March 14, 2016

I finished my PhD at the age of 27 with many questions still unanswered, and so I started the 43 year experiment. The aim of the experiment is to spend some time (okay, a considerable amount of time) learning about how people work together, then to pass on that knowledge.

Human behaviour is complicated: why do some of us hit snooze (multiple times) on Monday mornings, yet others bounce out of bed? What drives our decision making? Why are some work teams a joy to work in while others seem to drain everything out of you? All these questions deserve an answer, and thus the idea of a life long experiment: When I turn 70 I should have some answers. Stay tuned (don’t worry, I’ll keep you posted along the way).

I will devote 43 years of my life to this project. I plan to speak to the most influential people I can find and ask them about how they interact with others. My initial questions are (1) What is the best strategy for working with people? (2) What makes an influential leader? (3) How do we become better communicators at work?

I aim to speak to influential leaders, public servants, politicians, teachers, entrepreneurs, doctors…anyone who is a good communicator and is willing to share some strategies on working with others and how to do it better. I hope to learn as much as I can, then share it with you, for free!

On a personal note, somewhere between the ages of 19 and 23 I lost myself. Anxious and uncertain of who I really was caused immense stress and depressive thought patterns. But I got through it. I got out. I found something to hold onto, something to chase after. I found a reason to live.

That reason (and the motivation behind this experiment) is to focus on learning. Discovery and sadness cannot co-exist. We can’t be sad and curious at the same time. And I am fascinated by the minutiae of human behaviour; the subtle things we do that can have a tremendous impact on those we love and those we work with. Sometimes all that’s needed is a tweak in our tone, or the ability to re-phrase a statement. A kind word or an unnecessarily harsh tone can have a huge impact on others, especially our work-mates. Why not choose the former. Kindness is free. However, learning to do these things automatically is the challenging part.

The reason we don’t get better is because we don’t focus on it. We don’t give it the attention it deserves – and as this world becomes more globally connected, learning to get along with our neighbour is no longer an option. Humans are social creatures and we are influenced by those around us (and a lot of this is done unconsciously, without our permission).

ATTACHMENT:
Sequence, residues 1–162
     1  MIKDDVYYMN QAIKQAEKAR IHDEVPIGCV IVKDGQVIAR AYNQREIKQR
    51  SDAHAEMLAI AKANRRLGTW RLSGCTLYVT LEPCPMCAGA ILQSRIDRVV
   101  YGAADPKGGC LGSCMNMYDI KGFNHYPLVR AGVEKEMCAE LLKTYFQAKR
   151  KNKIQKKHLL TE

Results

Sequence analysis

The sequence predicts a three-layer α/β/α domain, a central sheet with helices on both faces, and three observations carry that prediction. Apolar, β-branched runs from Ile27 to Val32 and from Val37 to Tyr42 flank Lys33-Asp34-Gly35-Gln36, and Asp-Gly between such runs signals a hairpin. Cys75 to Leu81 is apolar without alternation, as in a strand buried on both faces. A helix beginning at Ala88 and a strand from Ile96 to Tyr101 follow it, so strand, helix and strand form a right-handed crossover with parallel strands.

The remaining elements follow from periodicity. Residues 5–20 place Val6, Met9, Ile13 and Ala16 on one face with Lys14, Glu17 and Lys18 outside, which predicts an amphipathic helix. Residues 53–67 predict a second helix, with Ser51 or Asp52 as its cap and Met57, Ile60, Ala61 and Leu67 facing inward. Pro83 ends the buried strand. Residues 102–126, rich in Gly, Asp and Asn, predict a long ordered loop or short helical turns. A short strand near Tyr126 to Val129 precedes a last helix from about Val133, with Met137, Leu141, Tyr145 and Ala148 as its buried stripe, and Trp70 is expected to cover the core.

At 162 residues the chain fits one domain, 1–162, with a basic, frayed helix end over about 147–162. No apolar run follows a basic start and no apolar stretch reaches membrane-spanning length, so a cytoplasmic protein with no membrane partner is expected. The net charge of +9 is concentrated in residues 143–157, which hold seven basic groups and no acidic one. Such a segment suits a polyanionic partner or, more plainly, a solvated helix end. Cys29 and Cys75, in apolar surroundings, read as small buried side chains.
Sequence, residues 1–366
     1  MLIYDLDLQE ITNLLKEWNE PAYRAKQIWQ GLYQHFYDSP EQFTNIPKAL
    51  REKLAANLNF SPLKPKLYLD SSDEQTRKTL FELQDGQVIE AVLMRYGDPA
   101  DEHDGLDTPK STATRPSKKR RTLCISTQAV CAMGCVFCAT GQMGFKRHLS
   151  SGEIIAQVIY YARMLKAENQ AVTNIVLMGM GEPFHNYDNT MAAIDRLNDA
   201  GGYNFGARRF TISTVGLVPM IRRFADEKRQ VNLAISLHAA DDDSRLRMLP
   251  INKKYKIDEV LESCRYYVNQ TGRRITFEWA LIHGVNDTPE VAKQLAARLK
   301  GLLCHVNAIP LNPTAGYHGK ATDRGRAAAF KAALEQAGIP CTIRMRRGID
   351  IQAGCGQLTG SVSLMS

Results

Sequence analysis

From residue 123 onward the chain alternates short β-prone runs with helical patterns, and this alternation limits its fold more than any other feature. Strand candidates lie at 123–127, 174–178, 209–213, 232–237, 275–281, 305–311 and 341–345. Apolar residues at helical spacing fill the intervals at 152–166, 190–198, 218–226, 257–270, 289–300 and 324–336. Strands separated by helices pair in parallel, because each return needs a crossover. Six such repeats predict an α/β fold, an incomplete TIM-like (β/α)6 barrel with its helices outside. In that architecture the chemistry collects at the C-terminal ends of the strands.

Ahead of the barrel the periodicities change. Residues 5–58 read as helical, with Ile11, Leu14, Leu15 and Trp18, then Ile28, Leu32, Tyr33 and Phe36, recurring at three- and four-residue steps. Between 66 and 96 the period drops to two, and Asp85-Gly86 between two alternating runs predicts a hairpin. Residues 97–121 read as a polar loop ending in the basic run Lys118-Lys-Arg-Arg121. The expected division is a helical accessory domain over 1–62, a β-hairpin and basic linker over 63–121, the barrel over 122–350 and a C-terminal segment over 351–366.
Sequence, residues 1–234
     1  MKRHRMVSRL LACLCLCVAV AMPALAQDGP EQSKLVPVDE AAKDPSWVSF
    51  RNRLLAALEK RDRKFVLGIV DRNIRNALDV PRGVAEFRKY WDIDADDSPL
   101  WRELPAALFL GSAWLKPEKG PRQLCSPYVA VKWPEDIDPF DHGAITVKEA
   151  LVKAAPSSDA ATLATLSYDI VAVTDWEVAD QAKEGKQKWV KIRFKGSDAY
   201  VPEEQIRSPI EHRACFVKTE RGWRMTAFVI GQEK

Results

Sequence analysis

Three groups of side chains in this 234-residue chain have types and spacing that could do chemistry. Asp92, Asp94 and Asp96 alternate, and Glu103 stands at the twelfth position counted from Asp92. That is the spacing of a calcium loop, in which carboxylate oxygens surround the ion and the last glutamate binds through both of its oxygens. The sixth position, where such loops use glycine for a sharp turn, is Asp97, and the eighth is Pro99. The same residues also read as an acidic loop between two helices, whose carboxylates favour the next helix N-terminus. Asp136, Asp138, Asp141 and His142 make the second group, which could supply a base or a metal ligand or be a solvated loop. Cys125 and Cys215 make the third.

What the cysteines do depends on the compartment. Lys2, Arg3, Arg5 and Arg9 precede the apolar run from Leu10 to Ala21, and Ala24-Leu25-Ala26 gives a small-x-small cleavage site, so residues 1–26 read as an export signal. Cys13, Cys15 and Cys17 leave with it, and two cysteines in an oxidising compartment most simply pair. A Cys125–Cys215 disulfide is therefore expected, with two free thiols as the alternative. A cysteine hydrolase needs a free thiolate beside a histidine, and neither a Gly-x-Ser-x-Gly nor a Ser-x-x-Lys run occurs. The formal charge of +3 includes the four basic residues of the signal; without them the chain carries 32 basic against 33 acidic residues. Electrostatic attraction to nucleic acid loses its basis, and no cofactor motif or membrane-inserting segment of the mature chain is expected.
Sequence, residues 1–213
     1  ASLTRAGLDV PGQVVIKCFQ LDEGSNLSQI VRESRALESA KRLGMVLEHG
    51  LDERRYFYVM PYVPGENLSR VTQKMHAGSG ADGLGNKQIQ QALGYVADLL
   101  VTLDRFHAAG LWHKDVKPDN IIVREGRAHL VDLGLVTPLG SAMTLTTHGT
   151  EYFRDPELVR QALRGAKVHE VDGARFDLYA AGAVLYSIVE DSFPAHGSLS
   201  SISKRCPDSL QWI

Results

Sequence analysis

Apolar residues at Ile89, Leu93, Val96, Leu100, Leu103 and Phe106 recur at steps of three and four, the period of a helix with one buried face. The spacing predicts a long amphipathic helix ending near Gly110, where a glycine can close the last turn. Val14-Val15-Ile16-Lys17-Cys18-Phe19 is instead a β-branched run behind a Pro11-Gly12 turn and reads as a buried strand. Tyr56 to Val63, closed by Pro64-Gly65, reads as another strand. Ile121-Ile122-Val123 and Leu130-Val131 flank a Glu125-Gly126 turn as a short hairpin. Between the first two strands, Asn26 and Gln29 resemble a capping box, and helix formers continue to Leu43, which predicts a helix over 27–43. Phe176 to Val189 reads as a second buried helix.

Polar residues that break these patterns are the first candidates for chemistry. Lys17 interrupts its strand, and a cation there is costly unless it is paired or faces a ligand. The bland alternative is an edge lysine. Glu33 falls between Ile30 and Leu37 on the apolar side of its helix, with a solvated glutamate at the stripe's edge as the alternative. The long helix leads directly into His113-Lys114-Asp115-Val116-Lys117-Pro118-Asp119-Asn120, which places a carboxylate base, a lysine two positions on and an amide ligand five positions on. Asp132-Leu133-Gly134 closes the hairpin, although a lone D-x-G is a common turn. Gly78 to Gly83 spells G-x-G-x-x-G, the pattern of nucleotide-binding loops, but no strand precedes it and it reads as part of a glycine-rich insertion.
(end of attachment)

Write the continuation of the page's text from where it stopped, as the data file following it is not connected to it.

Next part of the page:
Learning about people is a worthy endeavour, well in my opinion at least, and that’s why I am committing to this experiment. The goal is to share what I’ve learnt with the aim of helping others to apply the knowledge to their own unique situations.

Far too many of us are unhappy at work and struggle to interact with others. I would suggest that learning to master the skill of communication is paramount. Not only is it important to learn how to communicate better with others, but perhaps more importantly, how to communicate with ourselves.

And we CAN learn! If we can learn how to count, or how to tie our shoe-laces, then surely we can learn how to work better with others.

We spend a lot of time at work. I believe if we are unhappy at work, we are unhappy at home. So the 43 year experiment will focus on workplace interaction, starting with a discussion on toxic emotions and how they can be contagious.

If we can enjoy going to work on a Monday morning, then we can start enjoying life, the way it was meant to be. Living life to the full. Appreciating every moment for what it is, not what we wish it was.

If this blog helps one person to see that life is so much more, then it has been a success.


Anthony Grace
Brisbane, Australia

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